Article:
The Evolution of EDM

Electronic dance music has come a long way since its humble beginnings in the underground club scene. What started as a niche genre has now exploded into the mainstream, with artists like Calvin Harris and The Chainsmokers topping the charts. EDM has also been influenced by a variety of other genres, including Eastern music.

The Rise of Dubstep

In the early 2000s, a new style of electronic dance music began to emerge from the UK. Drawing inspiration from 2-step garage, dub, and grime, this new style came to be known as dubstep. Characterized by a focus on bass and a slow, half-time tempo, dubstep quickly gained popularity among club-goers and producers alike.

One of the key pioneers of the dubstep sound was South London producer Skream. His 2006 track “Midnight Request Line” is often cited as one of the first true dubstep tracks. The track — and Skream’s productions in general — diverged from the traditional 4/4 beats of house and techno, instead opting for a slower and more experimental approach that would come to define the dubstep sound.

Other producers soon followed suit, helping to further refine and popularize the sound. Among these were Benga, Burial, and Kode9. By the late 2000s, dubstep had become a global phenomenon, with productions by artists like Flux Pavilion and Rusko becoming crossover hits in both the underground club scene and the mainstream charts.

Today, dubstep continues to evolve, with artists pushing the boundaries of what is possible within the genre. At its core though, dubstep remains focused on creating dark, atmospheric tracks that are designed for dancing (and head-banging).

The Rise of Trap

In the 2010s, Americantrap music emerged as a dominant form of EDM, and trap artists such as Flosstradamus, Baauer and RL Grime began to achieve mainstream success. American trap is typified by syncopated rhythms, 808 bass kicks, hi-hats, claps and snares.

The Future of EDM

Electronic dance music has been around for decades, but it has only recently begun to gain mainstream appeal. The popularity of EDM has exploded in recent years, thanks in part to the rise of electronic music festivals. But what is the future of EDM?

The Rise of Virtual Reality

Virtual Reality has been on the rise in recent years, and EDM is no exception. With the advent of affordable VR headsets, more and more people are looking to experience their music in a new way.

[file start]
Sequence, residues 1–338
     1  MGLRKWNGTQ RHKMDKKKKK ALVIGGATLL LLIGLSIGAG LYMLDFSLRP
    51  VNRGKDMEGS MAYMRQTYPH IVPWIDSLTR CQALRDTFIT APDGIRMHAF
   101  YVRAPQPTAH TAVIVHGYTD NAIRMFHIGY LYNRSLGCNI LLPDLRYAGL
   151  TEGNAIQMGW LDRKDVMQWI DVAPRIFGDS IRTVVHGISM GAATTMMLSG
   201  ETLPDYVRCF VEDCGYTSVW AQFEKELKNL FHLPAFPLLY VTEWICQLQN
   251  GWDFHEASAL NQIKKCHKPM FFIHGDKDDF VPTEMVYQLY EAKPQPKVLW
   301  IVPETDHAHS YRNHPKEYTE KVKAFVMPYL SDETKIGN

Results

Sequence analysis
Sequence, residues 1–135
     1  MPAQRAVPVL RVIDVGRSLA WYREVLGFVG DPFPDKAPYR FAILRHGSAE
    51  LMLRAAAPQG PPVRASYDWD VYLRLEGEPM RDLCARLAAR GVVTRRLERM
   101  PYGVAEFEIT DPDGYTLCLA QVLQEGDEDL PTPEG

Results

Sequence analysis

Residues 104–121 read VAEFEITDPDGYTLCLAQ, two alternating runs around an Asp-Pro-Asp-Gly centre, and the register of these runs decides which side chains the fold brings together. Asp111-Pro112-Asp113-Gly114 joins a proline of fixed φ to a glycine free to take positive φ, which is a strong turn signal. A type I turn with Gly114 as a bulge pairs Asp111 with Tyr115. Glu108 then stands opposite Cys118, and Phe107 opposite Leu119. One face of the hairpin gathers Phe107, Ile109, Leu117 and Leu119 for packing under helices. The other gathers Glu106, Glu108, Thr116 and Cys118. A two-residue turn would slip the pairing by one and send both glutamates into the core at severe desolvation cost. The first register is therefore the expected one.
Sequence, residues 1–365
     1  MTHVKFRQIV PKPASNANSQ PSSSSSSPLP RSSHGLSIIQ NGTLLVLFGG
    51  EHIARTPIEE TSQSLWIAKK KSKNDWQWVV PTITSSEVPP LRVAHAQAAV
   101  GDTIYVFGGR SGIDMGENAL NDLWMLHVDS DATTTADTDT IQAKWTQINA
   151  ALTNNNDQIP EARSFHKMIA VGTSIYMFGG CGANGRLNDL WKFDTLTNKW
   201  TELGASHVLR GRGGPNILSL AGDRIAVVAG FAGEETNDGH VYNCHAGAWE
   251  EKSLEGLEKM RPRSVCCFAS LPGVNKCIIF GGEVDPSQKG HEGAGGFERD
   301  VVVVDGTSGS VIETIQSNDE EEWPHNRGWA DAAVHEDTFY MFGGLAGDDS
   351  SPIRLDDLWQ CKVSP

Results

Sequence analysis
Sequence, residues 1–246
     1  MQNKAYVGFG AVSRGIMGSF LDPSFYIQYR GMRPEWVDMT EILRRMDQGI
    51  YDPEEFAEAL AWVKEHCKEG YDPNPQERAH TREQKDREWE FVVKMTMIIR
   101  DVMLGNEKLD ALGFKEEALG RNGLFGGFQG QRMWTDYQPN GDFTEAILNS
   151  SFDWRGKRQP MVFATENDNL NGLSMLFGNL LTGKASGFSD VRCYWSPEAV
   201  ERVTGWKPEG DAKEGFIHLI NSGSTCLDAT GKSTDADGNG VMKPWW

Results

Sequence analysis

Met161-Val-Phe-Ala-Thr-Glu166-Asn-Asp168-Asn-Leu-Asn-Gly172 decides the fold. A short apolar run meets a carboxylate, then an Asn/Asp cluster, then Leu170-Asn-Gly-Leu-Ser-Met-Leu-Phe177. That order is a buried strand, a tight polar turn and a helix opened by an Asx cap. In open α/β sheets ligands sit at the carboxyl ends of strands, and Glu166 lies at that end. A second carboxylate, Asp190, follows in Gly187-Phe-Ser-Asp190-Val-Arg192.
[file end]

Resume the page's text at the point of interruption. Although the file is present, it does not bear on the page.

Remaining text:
While VR concerts are still in their infancy, there are already a few companies that are looking to capitalize on this new trend. One such company is TheWaveVR, who offer a platform that allows users to experience live shows in a virtual reality setting.

So far, TheWaveVR has partnered with a number of big names in the EDM world, including Skrillex and Diplo. As VR technology develops, it’s likely that we’ll see more and more artists taking advantage of this new way to perform live.

One thing is for sure: the future of EDM is looking very exciting indeed!

The Rise of AI

In recent years, we have seen a surge in popularity of electronic dance music, or EDM. This genre of music has its roots in various cultures, including Asian and Middle Eastern countries. With the rise of technology, we are seeing more and more EDM artists incorporating artificial intelligence, or AI, into their music.

One of the benefits of using AI in music production is that it can help to create new and unique sounds. For example, an AI-based music producer could create a track that blends the traditional sounds of EDM with the rhythms of Middle Eastern music. This would be something that would be impossible for a human to create on their own.

AI can also be used to create remixes of existing tracks. This is done by taking the original track and processing it through an AI system. The system will then make slight changes to the track, such as adding new beats or changing the melody. This can result in a completely new and unique version of the original track.

Finally, AI can be used to generate new melodies and basslines. This is done by feeding a melodic or rhythmic pattern into an AI system. The system will then generate new variations of the pattern that sound similar to the original but are not identical. This is a great way to come up with fresh ideas for tracks without starting from scratch.

The use of AI in EDM is still in its early stages. However, we are already starting to see some amazing results. As the technology continues to develop, we can only imagine what kinds of new and innovative sounds will be created by AI-based producers in the future.